Digital competences: Knowledge, skills and attitudes for the Network Society

The reflection around digital competences that I drafted in Towards a comprehensive definition of digital skills has evolved into the course Competencias digitales: conocimientos, habilidades y actitudes para la Sociedad Red (Digital competences: Knowledge, skills and attitudes for the Network Society), a joint project with RocaSalvatella — especially with Olga Herrero and Genís Roca — who are doing an most valuable work in raising awareness and building capacity in the private and public sectors on e-competences.

The general idea of the course is as follows:

The Information Society implies numerous changes at all levels in our daily life: how we access and exchange information, how we work and stablish cooperation relationships, or how we communicate and interact with individuals and institutions.

These changes have as a consequence new demands for the individual: learning, being a professional or being a citizen in the XXIst century requires some competences qualitatively different from the ones taken for granted just a decade ago. The Information Society requires new knowledge, new skills and, especially, new attitudes that can be grouped under the denomination of digital competence.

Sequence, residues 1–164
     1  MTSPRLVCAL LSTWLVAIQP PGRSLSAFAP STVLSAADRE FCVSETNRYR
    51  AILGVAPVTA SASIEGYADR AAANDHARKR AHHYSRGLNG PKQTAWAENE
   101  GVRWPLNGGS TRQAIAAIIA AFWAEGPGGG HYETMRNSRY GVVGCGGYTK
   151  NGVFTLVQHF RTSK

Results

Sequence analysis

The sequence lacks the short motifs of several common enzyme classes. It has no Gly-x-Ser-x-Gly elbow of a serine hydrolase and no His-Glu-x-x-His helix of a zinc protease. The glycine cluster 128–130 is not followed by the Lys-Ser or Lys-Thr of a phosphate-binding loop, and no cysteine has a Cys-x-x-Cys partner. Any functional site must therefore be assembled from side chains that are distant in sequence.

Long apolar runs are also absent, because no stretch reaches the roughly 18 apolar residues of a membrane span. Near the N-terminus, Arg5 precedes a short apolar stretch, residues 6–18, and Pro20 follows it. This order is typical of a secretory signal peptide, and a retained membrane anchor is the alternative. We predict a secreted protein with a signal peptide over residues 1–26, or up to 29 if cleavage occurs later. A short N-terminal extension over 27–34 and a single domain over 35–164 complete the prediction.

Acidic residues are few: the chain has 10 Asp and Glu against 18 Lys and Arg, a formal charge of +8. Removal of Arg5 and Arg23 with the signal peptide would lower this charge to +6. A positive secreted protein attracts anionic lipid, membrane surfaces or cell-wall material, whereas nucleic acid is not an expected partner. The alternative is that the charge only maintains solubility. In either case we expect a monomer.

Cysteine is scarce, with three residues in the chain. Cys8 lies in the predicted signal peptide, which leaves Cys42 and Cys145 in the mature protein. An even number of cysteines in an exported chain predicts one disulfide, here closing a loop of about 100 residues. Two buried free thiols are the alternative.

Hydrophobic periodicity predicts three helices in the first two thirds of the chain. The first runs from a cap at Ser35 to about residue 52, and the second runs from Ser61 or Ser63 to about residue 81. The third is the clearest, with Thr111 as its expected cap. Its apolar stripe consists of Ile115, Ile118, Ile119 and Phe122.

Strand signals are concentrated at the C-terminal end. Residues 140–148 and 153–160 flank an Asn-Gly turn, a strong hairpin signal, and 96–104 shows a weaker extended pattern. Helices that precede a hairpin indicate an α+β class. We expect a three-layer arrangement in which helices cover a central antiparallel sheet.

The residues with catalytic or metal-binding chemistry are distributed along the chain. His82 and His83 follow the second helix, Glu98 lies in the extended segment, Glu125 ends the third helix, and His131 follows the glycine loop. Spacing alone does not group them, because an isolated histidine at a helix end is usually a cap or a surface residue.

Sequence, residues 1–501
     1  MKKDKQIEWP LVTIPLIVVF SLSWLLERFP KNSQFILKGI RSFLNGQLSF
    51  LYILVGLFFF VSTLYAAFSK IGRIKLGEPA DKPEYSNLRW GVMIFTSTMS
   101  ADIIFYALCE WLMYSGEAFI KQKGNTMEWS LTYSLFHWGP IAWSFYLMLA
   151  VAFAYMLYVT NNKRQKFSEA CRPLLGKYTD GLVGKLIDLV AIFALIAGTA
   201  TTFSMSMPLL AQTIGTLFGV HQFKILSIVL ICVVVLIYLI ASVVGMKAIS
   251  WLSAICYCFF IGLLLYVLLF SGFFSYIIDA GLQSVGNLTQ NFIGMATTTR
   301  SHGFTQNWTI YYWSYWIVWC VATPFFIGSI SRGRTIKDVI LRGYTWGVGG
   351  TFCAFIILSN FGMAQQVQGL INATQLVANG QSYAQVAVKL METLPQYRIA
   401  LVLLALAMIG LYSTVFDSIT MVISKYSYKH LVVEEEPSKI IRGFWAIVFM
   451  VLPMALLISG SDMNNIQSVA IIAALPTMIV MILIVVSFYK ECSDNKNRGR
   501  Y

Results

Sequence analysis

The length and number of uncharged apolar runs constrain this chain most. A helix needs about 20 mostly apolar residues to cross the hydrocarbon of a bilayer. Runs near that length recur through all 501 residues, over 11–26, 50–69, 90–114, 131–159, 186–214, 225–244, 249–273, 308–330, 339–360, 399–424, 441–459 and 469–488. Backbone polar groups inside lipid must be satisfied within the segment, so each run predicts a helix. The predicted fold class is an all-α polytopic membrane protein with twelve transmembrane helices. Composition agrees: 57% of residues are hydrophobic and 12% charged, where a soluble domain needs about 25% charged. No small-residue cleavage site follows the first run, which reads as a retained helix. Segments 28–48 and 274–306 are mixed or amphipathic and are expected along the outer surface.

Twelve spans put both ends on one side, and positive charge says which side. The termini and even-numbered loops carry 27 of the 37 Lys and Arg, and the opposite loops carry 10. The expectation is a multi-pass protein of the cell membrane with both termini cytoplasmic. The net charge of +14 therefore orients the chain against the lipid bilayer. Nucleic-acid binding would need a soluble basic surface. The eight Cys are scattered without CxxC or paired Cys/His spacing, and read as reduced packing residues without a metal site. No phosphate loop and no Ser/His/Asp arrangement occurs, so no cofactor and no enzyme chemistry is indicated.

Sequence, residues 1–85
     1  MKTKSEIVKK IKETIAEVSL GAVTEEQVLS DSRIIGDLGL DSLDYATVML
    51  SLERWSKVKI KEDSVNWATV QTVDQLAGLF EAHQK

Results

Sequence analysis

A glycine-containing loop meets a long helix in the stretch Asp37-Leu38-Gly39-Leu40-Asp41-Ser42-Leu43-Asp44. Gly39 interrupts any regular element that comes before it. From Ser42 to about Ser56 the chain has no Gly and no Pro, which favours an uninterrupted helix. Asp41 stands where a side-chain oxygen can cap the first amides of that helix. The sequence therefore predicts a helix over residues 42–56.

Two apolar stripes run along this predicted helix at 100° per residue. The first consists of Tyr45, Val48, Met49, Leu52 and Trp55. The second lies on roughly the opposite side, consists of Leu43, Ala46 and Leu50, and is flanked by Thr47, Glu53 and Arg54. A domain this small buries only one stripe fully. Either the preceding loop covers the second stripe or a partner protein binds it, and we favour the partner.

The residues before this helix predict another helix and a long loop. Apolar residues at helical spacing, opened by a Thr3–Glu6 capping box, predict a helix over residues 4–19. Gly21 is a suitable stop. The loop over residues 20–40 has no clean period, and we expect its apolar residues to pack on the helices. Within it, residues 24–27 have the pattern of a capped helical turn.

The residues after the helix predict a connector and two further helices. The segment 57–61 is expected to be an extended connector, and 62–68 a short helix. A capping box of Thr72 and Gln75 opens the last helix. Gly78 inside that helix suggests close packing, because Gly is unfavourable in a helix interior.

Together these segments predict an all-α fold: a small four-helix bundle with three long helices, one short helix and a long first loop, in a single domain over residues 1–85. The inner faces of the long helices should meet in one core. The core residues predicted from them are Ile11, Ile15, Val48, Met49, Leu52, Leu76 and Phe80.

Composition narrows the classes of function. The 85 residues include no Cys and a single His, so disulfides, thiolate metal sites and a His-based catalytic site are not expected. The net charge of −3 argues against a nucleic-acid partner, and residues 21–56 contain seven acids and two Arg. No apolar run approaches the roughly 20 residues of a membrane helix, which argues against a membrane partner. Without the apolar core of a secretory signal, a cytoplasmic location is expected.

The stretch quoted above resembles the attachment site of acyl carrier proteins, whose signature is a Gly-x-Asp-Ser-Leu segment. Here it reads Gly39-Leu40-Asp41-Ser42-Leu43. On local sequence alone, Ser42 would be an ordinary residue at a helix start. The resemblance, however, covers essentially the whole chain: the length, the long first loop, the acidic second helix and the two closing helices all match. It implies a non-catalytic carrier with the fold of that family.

“Digital competences. Knowledge, skills and attitudes for the Network Society” will bring access to the most recent approaches to the concept of digital competence according to different social dimensions, including a set of practical experiences of development, application and evaluation of these competences in several spheres of society.

Putting together the course has been an incredible effort because we really wanted to place it in between “Using MS Word to write a job application” and “New competences for the upcoming millennium in a post-structural and post-modern world under the light of the approach of the Habermasian interpretation of McLuhan”.

That said, we convinced — our sincerest gratitude — Cristóbal Cobo, Boris Mir, José Manuel Pérez Tornero, Ismael Peña-López (this one was easy to convince), Howard Rheingold, Joan Torrent, Telefónica I+D (speaker TBC), Laura Rosillo and Gerard Vélez to speak theory and practice of digital literacy from several points of view: education, government, enterprise and civic action.

The aim of the course is to reflect about digital skills and competences, but also to be able to apply that reflection in our daily lives, be it at the personal or at the professional level.

More information

Towards a comprehensive definition of digital skills

Digital literacy (or digital literacies), e-skills, e-competences, skills for the Information Society, etc. There is plenty of literature about digital literacy in a broad sense. And there are even as many names as works to describe concepts, similar one to each other, but with shades and subtleties that make them have yet different meanings.

In my opinion, two problems are both the cause and the consequence of this lack of understanding, closely bound one to the other one.

The first one is that, most usually, digital skills are looked at at a very micro level. For instance, the most instrumental digital literacy (i.e. technological literacy) can be described without taking into account informational literacy, personal knowledge management, the sociocultural framework and so.